T-Model Ford and GravelRoad: “Taledragger”
Here’s an old-time bluesman who knows where it’s at– who knows, that is, that, with the blues, the story you’re telling isn’t nearly as important as how you’re telling it. T-Model Ford’s entire life has the air of a great tall tale. He says he’s around 91 years old– he can’t remember the precise details of his birth; who can, I suppose?– and that he never picked up a guitar in his life until he was well past fifty. Even his record label casts some doubt on these claims. There’s also a story going around that he did ten years in a chain gang for murder, something that has perhaps a tiny bit more footing in reality, though his claim that he cut his sentence down to a mere two years is a little iffy. He has his own catchphrase, a badass promise he makes to every young session musician to walk through his studio: “T-Model Ford is going to remember you sorry fuckers how it’s done.” This last part, I’m pretty sure, is entirely true.
The new album is called Taledragger, which is actually a pretty descriptive play on T-Model’s nickname, Taildragger; he’s playing with stories here, taking bits and pieces of old blues tales and moving them into the arrangements that best fit his whims. He recorded the set with a young blues troupe called GravelRoad– a unit who, like The Black Keys, know their blues inside and out but filter them through decades of indie rock, meaning that they’re smart enough to know they don’t have to play up the historicity of this music for it to be authentic. Simply put, the record is a righteous, hot blues album, a big-time groove record that spits and kicks with awesome fury and ample atitude.
T-Model’s loose relationship with the hard-and-fast rules of truth-telling and linear time is as wiley with regard to his music as it is with his bio; on this set he dips into Mississippi juke-joint blues, electrifying Chicago-style stuff, and deep wells of psychedelia that might seem a little campy if everything here wasn’t sold so vigorously. GravelRoad turns out to be a perfect fit for his style– not only do they keep up with ol’ T-Model, but they share his distaste for genre distinctions, his stubborn refusal to play the blues like he’s supposed to. Thing is, it’s that contempt for classicism or formal purity that makes this music howl; its primitiveness, its utter lack of manners, is what makes Taledragger feel like it’s perversely true to the spirit of the blues.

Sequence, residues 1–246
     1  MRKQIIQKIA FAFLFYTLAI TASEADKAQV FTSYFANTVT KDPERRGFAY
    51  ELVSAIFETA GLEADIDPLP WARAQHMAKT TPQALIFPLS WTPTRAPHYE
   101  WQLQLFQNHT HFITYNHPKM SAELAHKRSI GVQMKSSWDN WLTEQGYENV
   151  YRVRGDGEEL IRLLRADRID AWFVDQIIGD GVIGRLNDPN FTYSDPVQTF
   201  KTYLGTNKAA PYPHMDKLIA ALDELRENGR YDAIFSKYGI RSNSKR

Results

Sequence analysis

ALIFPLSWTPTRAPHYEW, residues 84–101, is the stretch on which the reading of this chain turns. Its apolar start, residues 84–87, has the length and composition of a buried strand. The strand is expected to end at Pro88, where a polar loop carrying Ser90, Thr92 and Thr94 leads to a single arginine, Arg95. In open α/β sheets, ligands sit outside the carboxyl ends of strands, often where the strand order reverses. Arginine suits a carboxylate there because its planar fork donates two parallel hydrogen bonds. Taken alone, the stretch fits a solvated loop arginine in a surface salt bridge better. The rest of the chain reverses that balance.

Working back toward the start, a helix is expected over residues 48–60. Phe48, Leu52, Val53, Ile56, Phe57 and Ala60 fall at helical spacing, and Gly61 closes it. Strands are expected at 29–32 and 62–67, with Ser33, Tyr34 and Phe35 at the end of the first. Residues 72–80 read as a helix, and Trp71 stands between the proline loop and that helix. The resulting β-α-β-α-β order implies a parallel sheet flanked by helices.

Certainly, the ringleader and his posse are in terrifically cantankerous form throughout; they open the set with what sounds like “Mystery Train” done in a drunken, half-remembered haze, the lyrics more an approximation of the original than a straight rendition and the whole tune boozily stumbling along with an off-beat piano setting the pace. T-Model calls the song “Same Old Train,” but clearly he’s found a way to make it run like new. The song also introduces the “big-legged woman” character who darts in and out of these songs, a strange and mysterious muse whose presence is more of a MacGuffin than anything else, a vehicle for T-Model to amass a pile-up of old blues tropes about suffering, betrayal, and mortality.
Indeed, blues tradition is a sort of shape-shifting presence here; T-Model sticks to the typical sounds and themes but arranges them in unconventional ways, using the blues as a common vernacular for his own self-expression. How else would one explain a record that blurs the lines between Howlin’ Wolf-style vamps and juke-joint rave-ups– the latter best represented by the standout “Big Legged Woman,” where Olive Smith’s piano work lifts this thing out of the shadows and into full-on party mode? Or the fact that the album begins in a relatively traditional electric blues configuration– albeit one that blurs the lines between different blues subcultures– but takes a wild left turn into full-on psychedelic terrain, sweaty B-3 organ and baritone sax adding a touch of the surreal, all while T-Model’s voice is put through a filter that makes him sound less like a bluesman than some weird, disembodied carnival barker?
Actually, for the bulk of the record, you’re not going to be able to make out much of what the man is actually singing, but that, it seems to me, is almost beside the point. Remember: It’s not the story, but the way it’s told. You don’t need to know the words to know that this man is singing the blues– wildly impure, and in its own way perfect– and he’s singing it like his life depended on it. To hear him tell it, it probably does.